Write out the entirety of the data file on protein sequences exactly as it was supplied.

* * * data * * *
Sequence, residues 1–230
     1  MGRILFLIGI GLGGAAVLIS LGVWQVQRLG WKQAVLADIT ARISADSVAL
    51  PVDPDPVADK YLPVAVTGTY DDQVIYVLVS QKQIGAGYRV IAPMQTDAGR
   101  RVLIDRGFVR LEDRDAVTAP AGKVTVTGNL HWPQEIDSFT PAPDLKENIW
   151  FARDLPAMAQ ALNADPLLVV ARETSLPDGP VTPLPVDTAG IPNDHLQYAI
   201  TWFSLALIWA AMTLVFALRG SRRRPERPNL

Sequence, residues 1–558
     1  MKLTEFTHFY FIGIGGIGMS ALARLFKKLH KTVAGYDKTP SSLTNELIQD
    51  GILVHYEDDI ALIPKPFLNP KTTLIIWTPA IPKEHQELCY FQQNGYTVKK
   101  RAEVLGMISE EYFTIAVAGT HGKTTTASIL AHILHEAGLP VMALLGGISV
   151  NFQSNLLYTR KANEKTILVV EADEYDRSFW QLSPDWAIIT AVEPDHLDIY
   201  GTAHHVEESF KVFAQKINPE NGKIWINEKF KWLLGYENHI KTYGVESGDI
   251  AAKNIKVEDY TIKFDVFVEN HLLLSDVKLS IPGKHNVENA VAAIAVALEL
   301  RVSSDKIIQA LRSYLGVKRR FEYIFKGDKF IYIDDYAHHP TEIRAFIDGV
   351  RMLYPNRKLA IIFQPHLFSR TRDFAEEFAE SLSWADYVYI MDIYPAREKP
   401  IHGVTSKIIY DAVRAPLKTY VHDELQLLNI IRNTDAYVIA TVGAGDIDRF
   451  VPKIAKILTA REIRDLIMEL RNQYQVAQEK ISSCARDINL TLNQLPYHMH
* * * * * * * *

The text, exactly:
Sequence, residues 1–230
     1  MGRILFLIGI GLGGAAVLIS LGVWQVQRLG WKQAVLADIT ARISADSVAL
    51  PVDPDPVADK YLPVAVTGTY DDQVIYVLVS QKQIGAGYRV IAPMQTDAGR
   101  RVLIDRGFVR LEDRDAVTAP AGKVTVTGNL HWPQEIDSFT PAPDLKENIW
   151  FARDLPAMAQ ALNADPLLVV ARETSLPDGP VTPLPVDTAG IPNDHLQYAI
   201  TWFSLALIWA AMTLVFALRG SRRRPERPNL

Sequence, residues 1–558
     1  MKLTEFTHFY FIGIGGIGMS ALARLFKKLH KTVAGYDKTP SSLTNELIQD
    51  GILVHYEDDI ALIPKPFLNP KTTLIIWTPA IPKEHQELCY FQQNGYTVKK
   101  RAEVLGMISE EYFTIAVAGT HGKTTTASIL AHILHEAGLP VMALLGGISV
   151  NFQSNLLYTR KANEKTILVV EADEYDRSFW QLSPDWAIIT AVEPDHLDIY
   201  GTAHHVEESF KVFAQKINPE NGKIWINEKF KWLLGYENHI KTYGVESGDI
   251  AAKNIKVEDY TIKFDVFVEN HLLLSDVKLS IPGKHNVENA VAAIAVALEL
   301  RVSSDKIIQA LRSYLGVKRR FEYIFKGDKF IYIDDYAHHP TEIRAFIDGV
   351  RMLYPNRKLA IIFQPHLFSR TRDFAEEFAE SLSWADYVYI MDIYPAREKP
   401  IHGVTSKIIY DAVRAPLKTY VHDELQLLNI IRNTDAYVIA TVGAGDIDRF
   451  VPKIAKILTA REIRDLIMEL RNQYQVAQEK ISSCARDINL TLNQLPYHMH